Gabriel Fauré (1845-1924), Jean Sibelius (1865-1957) wrote incidental music for the play and Arnold Schoenberg (1874-1951) wrote a tone poem inspired by it. Maeterlinck’s anti-naturalism was also natural fit for Debussy, who. In his 1902 article Why I Wrote Pelléas, Debussy explained:

“The drama of Pelléas which, despite its dream-like atmosphere, contains far more humanity than those so-called ‘real-life documents’, seemed to suit my intentions admirably. In it there is an evocative language whose sensitivity could be extended into music and into the orchestral backcloth.”

Maurice Maeterlinck (1862-1949)

Maeterlinck, however, was not happy with the production. He was angry that his lover, the soprano Georgette Leblanc, was not given the role of Mélisande. Maeterlinck actually physically threatened Debussy over the matter. Although Maeterlinck publicly denounced “Pelléas and Mélisande” and washed his hands of the opera, he eventually saw it two years after Debussy died.

“In this affair (Pelléas et Mélisande) I was entirely wrong and he (Debussy) was a thousand times right,” Maeterlinck is reported to have said.

Martyrdom of St. Sebastian

Another important figure in the Symbolist movement was the Italian author Gabriele D’Annunzio (1863-1938). In 1911, Debussy accepted a commission to compose incidental music for D’Annunzio’s latest play, Le Martyre de saint Sébastien (The Martyrdom of St. Sebastian). It tells the story of a Roman soldier who converts to Christianity and is ultimately martyred by being shot with arrows. The play is very much in keeping with the medievalist aesthetic so popular with the Symbolists and the closely-related Pre-Raphaelites.

Two Ballets Russes stalwarts were a part of the original production. Léon Bakst (1866-1924) designed the sets and costumes and Michel Fokine (1880-1942) provided the choreography. Although Debussy’s complete score is rarely performed today, the suite from Le Martyre de saint Sébastien has been recorded several times and is a favorite with many Debussy connoisseurs.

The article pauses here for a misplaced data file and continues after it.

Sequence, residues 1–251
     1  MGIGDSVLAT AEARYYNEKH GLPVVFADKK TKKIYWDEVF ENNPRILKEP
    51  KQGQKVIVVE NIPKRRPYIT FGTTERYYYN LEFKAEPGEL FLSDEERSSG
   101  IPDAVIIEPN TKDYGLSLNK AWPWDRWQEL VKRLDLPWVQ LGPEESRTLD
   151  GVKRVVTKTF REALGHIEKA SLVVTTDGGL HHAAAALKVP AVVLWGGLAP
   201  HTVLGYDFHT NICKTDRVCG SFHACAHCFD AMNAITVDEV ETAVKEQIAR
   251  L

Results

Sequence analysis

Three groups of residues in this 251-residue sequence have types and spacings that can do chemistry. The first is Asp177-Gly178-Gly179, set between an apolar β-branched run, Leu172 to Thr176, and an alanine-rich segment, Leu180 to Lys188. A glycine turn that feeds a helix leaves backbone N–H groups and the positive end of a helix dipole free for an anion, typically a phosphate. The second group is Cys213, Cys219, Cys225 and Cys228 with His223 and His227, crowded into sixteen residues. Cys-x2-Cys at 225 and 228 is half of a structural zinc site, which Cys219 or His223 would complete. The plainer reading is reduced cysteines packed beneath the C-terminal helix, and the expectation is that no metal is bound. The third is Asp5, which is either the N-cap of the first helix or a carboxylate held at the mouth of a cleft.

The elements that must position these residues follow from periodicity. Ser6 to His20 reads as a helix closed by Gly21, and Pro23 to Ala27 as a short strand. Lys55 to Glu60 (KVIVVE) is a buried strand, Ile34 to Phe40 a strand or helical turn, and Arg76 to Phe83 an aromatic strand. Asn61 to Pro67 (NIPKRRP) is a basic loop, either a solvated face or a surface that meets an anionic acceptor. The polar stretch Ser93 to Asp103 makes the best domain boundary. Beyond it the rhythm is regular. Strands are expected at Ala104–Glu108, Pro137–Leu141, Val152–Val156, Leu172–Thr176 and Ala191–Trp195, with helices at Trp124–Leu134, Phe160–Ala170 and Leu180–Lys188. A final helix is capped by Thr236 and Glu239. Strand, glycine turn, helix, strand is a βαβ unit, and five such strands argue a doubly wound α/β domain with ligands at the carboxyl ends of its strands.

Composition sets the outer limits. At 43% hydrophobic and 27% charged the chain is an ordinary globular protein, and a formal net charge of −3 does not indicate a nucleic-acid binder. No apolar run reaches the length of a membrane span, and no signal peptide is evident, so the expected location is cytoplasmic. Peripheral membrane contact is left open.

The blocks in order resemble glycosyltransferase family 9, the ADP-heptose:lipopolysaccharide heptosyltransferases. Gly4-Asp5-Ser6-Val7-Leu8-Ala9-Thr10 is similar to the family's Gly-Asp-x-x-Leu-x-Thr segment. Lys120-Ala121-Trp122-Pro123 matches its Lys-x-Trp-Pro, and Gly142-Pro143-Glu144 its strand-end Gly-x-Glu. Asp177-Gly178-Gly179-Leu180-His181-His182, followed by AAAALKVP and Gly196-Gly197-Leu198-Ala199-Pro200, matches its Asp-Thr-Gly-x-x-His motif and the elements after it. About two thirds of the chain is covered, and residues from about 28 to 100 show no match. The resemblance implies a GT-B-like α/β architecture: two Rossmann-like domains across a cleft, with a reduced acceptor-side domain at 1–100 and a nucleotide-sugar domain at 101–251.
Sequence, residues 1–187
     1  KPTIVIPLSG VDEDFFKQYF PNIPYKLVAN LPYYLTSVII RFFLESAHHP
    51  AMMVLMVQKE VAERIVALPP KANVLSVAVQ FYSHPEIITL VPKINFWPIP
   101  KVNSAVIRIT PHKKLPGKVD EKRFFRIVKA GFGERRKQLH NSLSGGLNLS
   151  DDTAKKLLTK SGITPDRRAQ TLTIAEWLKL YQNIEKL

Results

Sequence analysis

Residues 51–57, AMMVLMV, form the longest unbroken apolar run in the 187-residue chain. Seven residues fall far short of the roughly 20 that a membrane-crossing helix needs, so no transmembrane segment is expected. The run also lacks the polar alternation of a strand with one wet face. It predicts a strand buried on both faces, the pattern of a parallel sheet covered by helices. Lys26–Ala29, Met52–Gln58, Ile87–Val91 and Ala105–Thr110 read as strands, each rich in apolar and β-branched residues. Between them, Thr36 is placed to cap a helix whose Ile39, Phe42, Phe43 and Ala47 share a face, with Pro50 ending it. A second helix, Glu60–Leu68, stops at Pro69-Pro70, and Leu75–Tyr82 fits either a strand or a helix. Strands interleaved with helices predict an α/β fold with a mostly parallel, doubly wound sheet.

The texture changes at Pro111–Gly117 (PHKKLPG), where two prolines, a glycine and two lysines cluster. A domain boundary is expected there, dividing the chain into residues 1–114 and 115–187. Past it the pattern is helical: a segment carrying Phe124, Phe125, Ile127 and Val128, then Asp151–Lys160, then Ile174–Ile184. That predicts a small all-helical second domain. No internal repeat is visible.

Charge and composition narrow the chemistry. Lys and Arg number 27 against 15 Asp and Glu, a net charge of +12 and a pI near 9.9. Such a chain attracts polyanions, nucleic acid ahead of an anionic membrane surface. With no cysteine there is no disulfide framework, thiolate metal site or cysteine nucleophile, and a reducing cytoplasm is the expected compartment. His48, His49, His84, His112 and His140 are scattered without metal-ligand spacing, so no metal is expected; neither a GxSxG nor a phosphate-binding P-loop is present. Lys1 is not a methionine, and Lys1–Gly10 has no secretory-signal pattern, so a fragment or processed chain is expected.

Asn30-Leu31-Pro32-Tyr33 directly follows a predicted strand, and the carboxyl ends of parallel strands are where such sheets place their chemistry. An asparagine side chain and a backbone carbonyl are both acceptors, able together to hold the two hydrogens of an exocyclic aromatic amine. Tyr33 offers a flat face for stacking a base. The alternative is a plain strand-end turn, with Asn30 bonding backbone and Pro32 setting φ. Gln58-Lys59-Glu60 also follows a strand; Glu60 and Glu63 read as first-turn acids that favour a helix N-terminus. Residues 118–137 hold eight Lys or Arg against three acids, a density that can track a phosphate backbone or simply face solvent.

Fall of the House of Usher

An ongoing project which Debussy never completed was an operatic version of The Fall of the House of Usher by Edgar Allan Poe (1809-1849). After Baudelaire translated Poe’s works into French, the American author became a sensation in France and an important influence on the Symbolist movement.

The Fall of the House of Usher was part of a planned Poe double-bill. Debussy had long been working on an opera version of Poe’s The Devil in the Belfry for several years before abandoning it in 1911. In mid-1908, Debussy signed a contract with New York’s Metropolitan Opera to stage the premiere of Devil in Belfry and another opera to be composed by Debussy.

Debussy was inspired to base the other opera on a story by Poe, the much darker The Fall of the House of Usher. It was a dark time in Debussy’s personal life as he was attempting to complete the opera. He had been informed that he was dying of rectal cancer.

The British musicologist Robert Orledge wrote, “Debussy began increasingly to identify with Roderick Usher, whose mental breakdown Poe had identified with the crumbling House itself.”

Debussy was able to complete a libretto and compose some of the music before succumbing to his disease in 1918.

“All that we see or seem, Is but a dream within a dream,” wrote Poe. Debussy’s music, especially his overtly Symbolist works like Pelléas et Mélisande, certainly conveys this dreamlike quality.

But Debussy was an instinctive composer, and however much Symbolism or Impressionism were important influences, the composer himself thought his music was beyond any theories.

Once, while speaking with one of his former teachers, Debussy said, “There is no theory. You merely have to listen. Pleasure is the law.”

Share This:

Filed Under: